Snow Leopard Cubs Help Attract Visitors to Cape May County Zoo

About three miles inland from the Shore and 15 miles north from Cape May, stands one of New Jersey's most prized parks and celebrated zoos.

The Cape May County Zoo, bankrolled primarily through by the county's $5 billion tourist industry, is recognized for its species preservation programs.

For the free zoo's half-million yearly visitors, it's all about meeting the new snow leopard cubs, the mighty tigers, frolicking lemurs or many varieties of birds.

It takes 42 people and about $1.5 million to run the 85-acre zoo. Their focus is on all the animals.

But there's a particular emphasis on Himani, the formidable mom of those snow leopard cubs.

Veterinary assistant Alex Ernst is proud this zoo is recognized as having the most successful snow leopard breeding program in the country. He gives credit to Himani.

With her mate Vijay, "she is responsible for the four years of cubs we've had here. Not only because she's fertile, but because she's so excellent at raising these cubs," Ernst said. "We've never had an issue with four litters and they're healthy happy cubs. In an overall population when you only have 13 percent of animals producing cubs, it's nice to have one that good at it."

Some of the animals, says Ernst, are sent to other zoos and others are bred to boost wild populations. The zoo, which is home to 550 animals representing about 250 species, is a member of the international Species Survival Plan.

"So we know the lineage of all the animals in captivity. So breeding recommendations can be made to optimize the genetics, meaning no inbreeding, crossbreeding, nothing like that," Ernst said.

This zoo is credited with breeding Chinese alligators -- a severely endangered species -- and fragile species including tiger salamanders, African mountain antelopes known as bongos, and ring-tailed lemurs, made popular in the animated movie "Madagascar."


On any given day, entire families flock to the zoo and move from one area to another along elevated boardwalks to see the animal-themed parklets, aviaries, reptile houses, and vast expanses where animals roam.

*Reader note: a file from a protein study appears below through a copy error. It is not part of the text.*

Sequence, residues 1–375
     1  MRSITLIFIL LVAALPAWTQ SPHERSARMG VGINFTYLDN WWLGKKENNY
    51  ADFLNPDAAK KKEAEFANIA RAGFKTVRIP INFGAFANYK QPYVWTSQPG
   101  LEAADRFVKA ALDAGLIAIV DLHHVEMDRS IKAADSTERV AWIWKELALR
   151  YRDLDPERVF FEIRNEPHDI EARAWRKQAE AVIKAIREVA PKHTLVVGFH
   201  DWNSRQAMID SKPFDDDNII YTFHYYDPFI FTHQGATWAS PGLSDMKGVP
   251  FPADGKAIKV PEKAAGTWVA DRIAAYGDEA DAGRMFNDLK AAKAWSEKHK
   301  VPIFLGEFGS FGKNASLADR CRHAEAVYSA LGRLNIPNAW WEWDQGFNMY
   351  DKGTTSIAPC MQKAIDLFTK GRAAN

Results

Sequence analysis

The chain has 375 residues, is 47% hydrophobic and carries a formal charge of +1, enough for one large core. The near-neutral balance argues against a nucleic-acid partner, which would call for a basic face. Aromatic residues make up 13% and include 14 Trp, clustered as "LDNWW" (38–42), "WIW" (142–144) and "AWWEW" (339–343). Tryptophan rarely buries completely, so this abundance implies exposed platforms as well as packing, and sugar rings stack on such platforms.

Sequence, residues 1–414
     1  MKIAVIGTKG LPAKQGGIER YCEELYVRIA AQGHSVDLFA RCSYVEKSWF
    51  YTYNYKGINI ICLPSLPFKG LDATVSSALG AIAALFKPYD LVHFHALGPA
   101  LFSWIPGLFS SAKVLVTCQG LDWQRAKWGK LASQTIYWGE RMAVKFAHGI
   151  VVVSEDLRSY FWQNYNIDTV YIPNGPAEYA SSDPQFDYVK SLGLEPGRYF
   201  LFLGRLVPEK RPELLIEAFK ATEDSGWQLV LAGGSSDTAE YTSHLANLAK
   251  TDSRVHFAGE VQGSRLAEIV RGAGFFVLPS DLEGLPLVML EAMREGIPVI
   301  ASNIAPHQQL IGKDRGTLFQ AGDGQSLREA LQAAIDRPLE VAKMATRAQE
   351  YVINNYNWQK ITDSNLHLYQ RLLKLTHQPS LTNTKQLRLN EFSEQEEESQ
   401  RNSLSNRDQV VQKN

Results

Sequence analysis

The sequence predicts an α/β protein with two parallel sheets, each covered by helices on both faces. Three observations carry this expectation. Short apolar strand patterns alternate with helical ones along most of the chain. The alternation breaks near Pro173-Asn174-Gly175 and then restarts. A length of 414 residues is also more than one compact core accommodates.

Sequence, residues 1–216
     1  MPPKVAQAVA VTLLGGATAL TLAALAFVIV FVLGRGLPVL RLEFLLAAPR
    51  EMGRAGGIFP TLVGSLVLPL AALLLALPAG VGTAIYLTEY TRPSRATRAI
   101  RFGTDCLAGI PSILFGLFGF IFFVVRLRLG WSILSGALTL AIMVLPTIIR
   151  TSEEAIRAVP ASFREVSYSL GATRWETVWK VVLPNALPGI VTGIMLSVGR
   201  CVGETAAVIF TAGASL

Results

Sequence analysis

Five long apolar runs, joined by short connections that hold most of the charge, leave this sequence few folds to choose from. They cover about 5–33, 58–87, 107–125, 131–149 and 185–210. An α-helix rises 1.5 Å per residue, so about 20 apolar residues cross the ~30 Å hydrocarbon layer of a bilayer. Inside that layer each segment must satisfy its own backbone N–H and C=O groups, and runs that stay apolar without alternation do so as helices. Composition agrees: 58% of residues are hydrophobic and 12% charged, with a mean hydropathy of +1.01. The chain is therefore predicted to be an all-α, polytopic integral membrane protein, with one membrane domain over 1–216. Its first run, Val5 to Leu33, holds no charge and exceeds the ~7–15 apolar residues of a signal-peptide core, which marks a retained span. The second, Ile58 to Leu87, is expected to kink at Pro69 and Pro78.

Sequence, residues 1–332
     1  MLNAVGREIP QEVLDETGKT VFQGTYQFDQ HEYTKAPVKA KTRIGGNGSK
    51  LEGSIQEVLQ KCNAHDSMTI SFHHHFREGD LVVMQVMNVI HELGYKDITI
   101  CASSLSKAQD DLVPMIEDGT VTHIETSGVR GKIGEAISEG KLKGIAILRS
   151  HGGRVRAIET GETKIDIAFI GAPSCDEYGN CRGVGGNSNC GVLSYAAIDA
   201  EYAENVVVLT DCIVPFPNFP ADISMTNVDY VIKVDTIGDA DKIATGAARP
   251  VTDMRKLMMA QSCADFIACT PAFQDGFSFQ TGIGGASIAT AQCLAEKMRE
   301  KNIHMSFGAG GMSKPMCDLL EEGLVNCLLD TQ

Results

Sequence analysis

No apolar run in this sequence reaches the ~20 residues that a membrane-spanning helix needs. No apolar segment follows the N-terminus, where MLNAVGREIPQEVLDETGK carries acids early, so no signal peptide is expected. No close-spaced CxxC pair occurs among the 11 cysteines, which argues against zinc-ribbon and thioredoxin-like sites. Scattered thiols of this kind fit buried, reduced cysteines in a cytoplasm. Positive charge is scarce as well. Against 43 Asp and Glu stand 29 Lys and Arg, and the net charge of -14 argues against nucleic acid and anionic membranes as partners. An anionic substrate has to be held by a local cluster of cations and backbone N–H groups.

To get a behind-the-scenes view, we hop in a Jeep driven by zoo director Michael Laffey.

The African savannah area is home to giraffes, ostriches, zebras, African mountain bongos, Watusi cattle, oryx antelopes and others. "So it's a big area with a lot of different animals out here," Laffey says.

We stop near the grassy area where four giraffes stand quietly behind a tall fence. Laffey cracks a smile talking about them.

"They're gentle giants," he says. "When you get closer, you can see how long their eyelashes are. They're beautiful, they're graceful when they walk and have the same grace when they run."

They're also surprising, Laffey adds.

"Normally giraffes are always standing and rest 15 minutes at a time. But things changed four years ago when we brought a male giraffe from Busch Gardens to mate. He sits down and they learned that same behavior," Laffey says. "I think we are the only zoo where you get close to giraffes and they're all sitting down. Pretty neat."


Just when I was about to ask Laffey about Superstorm Sandy's impact, a thunderstorm started moving in and the giraffes disappeared. Staff members had shepherded them inside for fear of lightning striking the tall animals.

It's part of the park's standard operating procedure, says Laffey, every time there's a storm of any significance. As luck and storm trajectory would have it, the zoo was hardly affected by Sandy, save for a few knocked-down trees and fences.

"It probably takes us a day and a half or two days to prepare for a storm that was severe like Sandy. And it's almost the entire staff as well as other departments in the county who come and help move the animals inside facilities, secure areas in high ground," he says. "It's almost like clockwork."

In fact, the clock never stops at the zoo, which is open to the public every day, all year long except for Christmas. There are animals to take care of and feed with the zoo spending $40,000 a year just for produce.

The next project is large snow leopard maternity area with a glass enclosure and air-conditioned areas for the entire feline family.

This story was reported through a news coverage partnership between and

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